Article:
Print speed may be slightly higher. Anyway, I recommend you continue using the same speed you have been using. Rest assured that by lowering the infill percentage and maintaining the movement speed, the printing time will still be reduced substantially.
If you do not find Gyroid in your slicer settings, download Cura’s latest version. This also applies to PrusaSlicer, Simplify3D, and other popular slicers.
Creative uses with Gyroid Infills
Due to the interesting shape of a gyroid, this pattern has caught the attention of both artists and makers. Let’s see how the properties of gyroid can be used to make complex and interesting parts:
3D Printable Gyroid by Dan O’Connell
This design is simply a cube with no outer walls. With this piece we can test the resistance of the object, placing heavy objects on any of its faces. It also allows you to see how its “labyrinth” permits the water (or any fluid) to enter and exit completely, without stagnating in some internal nook. It is an ideal piece to show the gyroid structure to those who have never seen one.
3D Printable Gyroid Lamp by Greg
A spherical lamp with a gyroid pattern. As the gyroid is a surface (technically it is not a body) it allows the light of the lamp to pass through. In addition, its structural resistance protects the lamp from direct hits. It looks great when printed with translucent materials, like PETG.
3D Printable Gyroid Bookmark by PlasticPasta 3D
This design (a bookmark) combines the high strength of the gyroid with its structural beauty. It shows that this infill pattern can be used to enhance the aesthetics of familiar objects. On the other hand, books and nerdy things get along very well…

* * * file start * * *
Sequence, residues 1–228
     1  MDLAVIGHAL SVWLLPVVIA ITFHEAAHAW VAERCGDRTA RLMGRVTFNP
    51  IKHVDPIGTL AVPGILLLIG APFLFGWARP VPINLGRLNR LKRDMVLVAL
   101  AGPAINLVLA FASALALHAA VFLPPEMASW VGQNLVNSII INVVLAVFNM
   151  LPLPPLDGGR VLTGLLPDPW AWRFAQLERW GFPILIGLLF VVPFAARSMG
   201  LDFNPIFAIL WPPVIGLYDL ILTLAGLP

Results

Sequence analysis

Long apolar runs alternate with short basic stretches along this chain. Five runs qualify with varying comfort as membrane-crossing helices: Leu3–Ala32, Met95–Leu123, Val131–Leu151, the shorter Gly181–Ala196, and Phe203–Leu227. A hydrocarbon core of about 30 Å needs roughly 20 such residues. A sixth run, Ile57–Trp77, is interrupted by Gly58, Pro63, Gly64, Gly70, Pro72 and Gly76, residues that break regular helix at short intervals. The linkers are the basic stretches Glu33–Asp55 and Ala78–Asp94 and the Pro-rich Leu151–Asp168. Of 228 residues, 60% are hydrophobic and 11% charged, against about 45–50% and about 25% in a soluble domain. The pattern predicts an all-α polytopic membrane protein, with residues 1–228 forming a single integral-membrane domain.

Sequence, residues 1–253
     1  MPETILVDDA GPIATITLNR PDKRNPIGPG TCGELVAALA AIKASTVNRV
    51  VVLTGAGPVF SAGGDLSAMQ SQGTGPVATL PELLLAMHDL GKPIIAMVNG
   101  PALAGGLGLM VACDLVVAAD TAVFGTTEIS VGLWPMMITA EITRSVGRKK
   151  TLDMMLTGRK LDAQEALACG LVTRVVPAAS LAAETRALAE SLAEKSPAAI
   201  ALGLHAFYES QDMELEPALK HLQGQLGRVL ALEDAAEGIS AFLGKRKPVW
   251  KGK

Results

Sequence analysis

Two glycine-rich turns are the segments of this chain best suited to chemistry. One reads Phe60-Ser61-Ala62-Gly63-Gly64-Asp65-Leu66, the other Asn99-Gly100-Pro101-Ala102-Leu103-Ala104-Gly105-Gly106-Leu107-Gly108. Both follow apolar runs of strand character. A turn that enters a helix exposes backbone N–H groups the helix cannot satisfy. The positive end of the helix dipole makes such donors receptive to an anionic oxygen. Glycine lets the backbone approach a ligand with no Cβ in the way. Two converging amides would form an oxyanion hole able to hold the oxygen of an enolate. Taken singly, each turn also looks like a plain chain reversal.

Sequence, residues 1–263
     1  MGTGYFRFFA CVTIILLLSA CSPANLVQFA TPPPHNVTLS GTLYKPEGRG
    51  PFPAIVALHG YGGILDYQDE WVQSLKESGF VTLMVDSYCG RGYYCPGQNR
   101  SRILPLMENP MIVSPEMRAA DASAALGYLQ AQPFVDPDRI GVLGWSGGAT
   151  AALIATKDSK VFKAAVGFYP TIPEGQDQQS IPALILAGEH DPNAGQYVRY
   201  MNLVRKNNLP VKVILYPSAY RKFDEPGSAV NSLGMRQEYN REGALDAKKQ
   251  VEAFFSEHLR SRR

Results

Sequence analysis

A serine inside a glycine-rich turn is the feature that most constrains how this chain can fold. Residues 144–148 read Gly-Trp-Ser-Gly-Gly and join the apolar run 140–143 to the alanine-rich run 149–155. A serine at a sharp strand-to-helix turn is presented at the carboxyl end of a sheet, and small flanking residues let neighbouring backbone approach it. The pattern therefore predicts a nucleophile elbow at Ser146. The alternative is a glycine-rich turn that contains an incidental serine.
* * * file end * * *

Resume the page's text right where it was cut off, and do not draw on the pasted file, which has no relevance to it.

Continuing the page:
3D Printable Gyroid Shelf Bracket by Alexander
This shelf bracket was designed to support weights greater than 20 kg, using only 67 g of material! That is more than 20 books. It demonstrates that 3d printing still has things to say.
In addition, its “bone sponge” look looks great when printed in white…
Once you try the gyroid, there will be no going back. High strength, low weight, and shorter printing times, everything a maker wants!
Having gone through the technical details and the artistic applications of the Gyroid Infill, I hope that I could transmit at least a little bit of the amazement that I have for this pattern. Although I already use this pattern as my default infill, I’m still blown away by the way it looks and the properties it has. You should definitely consider start using it or at least giving it a try!
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1 thought on “3D printing with Gyroid Infills: all you need to know!”
A great article. I have used Gyroid for rods printed vertically but as a 100% fill. I can see it is better at a much lower infill percentage. I will experiment.